Humiliation of the Huns NEW YORK, November 20. [Newspaper Article] — The Globe and Sunday Times War Pictorial — 9 January 1915
Humiliation . of the Huns NEW YORK, November 20." ; To American imagination no feature of the war, apart from the colossal losses involved, is fraught with more dramatic possibilities than the desperate,- furious, frantic efforts of the Kaiser's cohorts to reach Dunkirk and Calaia. 'roAmericans Germany has unbosomed herselr I.n.the course of the campaign with a frankness • nd naivete that seem astonishing, and Ameri .ans consequently are able to appreciate as few uthers can the. full measure of her present hu u..:iliation and of the rancor and hatred inspir ing- those who are sending tens of thousands Sof German soldiers; to death in search of the Achilles' heel of Great Britain. 'We shall be in Paris within three days." was the. categorical announcement made while the battle of the Marne was progressing by an '. intimate friend of the Emperor William to a leat American- publisher. "We shall then call l halt; for we shall have accomplished our pur pose, which was to show the world w...
Examples of Man's Humanity to his Fellows in Want [Newspaper Article] — The Globe and Sunday Times War Pictorial — 9 January 1915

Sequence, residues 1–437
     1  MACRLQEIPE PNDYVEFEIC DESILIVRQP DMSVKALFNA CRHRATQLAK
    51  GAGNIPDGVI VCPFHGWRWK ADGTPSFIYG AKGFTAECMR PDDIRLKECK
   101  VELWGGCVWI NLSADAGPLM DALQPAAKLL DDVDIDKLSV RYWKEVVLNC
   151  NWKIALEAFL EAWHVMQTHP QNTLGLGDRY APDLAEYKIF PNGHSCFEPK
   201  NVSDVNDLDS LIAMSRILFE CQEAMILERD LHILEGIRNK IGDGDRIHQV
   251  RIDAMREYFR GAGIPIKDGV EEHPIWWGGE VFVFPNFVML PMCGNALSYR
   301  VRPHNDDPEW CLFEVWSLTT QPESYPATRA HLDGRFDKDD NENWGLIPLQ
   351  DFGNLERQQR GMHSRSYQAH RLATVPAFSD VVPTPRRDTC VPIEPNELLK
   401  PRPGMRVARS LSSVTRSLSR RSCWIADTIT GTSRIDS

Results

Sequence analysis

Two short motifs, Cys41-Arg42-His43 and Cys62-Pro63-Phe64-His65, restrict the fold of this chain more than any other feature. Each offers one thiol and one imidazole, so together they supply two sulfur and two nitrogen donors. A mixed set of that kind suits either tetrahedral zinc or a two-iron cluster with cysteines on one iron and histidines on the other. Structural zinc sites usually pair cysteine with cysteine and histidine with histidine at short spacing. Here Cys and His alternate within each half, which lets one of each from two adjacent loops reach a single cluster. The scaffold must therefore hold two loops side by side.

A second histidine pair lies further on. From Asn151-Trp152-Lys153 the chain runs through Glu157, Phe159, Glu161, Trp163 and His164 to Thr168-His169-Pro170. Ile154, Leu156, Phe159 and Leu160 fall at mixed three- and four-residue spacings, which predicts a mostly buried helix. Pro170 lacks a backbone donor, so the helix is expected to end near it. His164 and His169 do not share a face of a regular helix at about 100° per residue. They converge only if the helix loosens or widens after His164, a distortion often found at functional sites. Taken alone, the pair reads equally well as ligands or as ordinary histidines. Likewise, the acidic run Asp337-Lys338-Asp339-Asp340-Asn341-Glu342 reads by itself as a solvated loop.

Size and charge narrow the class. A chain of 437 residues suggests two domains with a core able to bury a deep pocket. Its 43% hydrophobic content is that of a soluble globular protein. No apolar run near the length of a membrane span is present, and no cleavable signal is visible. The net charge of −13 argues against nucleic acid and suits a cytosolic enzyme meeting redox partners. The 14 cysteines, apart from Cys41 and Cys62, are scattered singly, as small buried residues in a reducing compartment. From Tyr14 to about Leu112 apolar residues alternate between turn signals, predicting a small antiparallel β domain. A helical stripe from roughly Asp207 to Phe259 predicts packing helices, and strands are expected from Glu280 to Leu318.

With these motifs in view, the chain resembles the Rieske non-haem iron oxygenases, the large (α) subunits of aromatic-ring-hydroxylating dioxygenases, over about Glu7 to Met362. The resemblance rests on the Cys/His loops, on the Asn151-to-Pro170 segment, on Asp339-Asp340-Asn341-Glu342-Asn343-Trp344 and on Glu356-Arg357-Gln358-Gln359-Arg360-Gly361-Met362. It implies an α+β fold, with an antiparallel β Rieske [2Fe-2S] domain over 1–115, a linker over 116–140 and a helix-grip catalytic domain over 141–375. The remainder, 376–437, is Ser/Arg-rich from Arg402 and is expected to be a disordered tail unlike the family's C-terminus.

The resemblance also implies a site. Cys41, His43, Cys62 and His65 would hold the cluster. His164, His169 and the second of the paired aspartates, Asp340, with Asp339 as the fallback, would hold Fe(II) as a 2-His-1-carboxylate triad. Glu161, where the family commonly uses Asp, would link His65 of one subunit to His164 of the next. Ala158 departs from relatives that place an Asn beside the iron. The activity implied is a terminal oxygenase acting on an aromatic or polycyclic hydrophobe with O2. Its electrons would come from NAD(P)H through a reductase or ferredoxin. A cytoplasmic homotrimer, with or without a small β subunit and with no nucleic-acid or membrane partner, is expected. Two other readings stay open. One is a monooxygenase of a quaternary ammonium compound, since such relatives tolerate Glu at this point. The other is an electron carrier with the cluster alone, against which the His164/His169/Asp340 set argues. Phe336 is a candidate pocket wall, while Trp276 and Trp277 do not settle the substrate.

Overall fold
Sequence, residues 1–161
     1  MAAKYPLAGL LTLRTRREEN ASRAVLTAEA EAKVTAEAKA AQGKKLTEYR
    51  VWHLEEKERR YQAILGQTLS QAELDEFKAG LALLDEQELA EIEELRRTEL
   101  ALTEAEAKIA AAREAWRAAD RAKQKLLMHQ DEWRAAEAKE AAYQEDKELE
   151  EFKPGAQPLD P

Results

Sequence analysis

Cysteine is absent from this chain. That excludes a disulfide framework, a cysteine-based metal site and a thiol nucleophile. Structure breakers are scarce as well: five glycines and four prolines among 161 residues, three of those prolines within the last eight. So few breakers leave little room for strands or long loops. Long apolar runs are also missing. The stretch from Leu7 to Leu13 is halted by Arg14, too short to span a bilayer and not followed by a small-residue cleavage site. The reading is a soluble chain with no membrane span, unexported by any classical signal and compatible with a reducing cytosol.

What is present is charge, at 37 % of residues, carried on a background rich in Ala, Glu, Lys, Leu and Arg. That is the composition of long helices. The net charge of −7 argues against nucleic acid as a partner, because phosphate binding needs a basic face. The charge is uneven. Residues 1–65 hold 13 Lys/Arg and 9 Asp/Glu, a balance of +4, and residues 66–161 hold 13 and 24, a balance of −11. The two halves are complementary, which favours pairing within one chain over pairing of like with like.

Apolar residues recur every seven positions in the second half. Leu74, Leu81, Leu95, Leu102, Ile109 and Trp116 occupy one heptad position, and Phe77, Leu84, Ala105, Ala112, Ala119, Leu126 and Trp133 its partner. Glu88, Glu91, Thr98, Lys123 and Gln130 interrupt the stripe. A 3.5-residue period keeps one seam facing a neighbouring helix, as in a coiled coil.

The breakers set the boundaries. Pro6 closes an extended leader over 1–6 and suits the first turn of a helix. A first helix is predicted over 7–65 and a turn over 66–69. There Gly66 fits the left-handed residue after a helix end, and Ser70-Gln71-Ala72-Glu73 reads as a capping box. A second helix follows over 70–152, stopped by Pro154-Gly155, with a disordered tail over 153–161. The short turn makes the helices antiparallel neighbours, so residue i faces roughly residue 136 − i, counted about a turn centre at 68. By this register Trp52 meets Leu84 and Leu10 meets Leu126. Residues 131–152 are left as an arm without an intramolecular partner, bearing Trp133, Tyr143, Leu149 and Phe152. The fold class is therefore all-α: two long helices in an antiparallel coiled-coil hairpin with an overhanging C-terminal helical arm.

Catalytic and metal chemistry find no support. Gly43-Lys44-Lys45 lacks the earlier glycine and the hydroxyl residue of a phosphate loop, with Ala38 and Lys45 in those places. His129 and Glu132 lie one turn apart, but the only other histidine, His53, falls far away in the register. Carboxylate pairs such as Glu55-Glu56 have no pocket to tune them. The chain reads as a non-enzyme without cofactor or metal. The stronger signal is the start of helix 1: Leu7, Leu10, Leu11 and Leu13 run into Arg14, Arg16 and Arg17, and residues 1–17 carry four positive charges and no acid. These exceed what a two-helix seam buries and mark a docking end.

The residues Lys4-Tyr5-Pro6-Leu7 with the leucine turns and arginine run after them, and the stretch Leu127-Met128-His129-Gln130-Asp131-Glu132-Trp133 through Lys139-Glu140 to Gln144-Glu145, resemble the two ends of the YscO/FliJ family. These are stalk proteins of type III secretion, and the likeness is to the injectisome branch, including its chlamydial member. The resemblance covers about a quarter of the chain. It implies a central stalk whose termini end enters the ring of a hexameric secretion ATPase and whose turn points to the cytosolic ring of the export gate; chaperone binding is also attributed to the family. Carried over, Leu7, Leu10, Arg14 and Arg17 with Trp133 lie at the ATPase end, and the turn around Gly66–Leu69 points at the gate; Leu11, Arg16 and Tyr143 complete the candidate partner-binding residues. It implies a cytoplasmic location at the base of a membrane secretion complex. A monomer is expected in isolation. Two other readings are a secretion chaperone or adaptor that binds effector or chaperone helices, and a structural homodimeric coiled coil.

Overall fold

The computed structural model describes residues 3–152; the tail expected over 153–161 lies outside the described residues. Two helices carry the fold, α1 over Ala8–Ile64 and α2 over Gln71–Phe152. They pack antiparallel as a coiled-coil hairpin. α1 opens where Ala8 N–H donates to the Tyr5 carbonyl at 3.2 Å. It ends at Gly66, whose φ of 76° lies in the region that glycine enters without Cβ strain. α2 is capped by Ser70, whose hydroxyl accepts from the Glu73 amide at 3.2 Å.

Examples of Man's Humanity to his Fellows inW t 'At this season of the year, identified with1 the -formation .of godd resolutions --and t..he" spirit -of-- charitable: -goodfellowship, at" this.- time, moreover; marked as it is 'by, a sense of depression and almost avant, insofar as a great'mnany of us are con cerned, it will not lie altogether out-of place to cite some of 'the great examples of Christian c.:harity that have ilumined the. world's pro e " rhaps. the higgh~st of: alf:was: that -of St. Vincent de Paul:' TIlie orisof a:Gascoti laborer, he was at the age o30 carried a'prisoner' to Tuinis, :wh'ere- 'f; t?o 'years "he leanied: as a - lae his lifeloing lesosiol b piy 'for -thelot' of the erislaved. At'ihe eisd bf tvio'years'he suc secded in .ihknig good.'his',ekscape- to iFrance, iheire'he'took Hodly Orders; and- thenceforward devoteid himself ae:a priest' to theallNvia'iort of the lstiserics of th'ose phor wretche's vwho had Sbeen condemoned to the gaily. - . Now, amongst....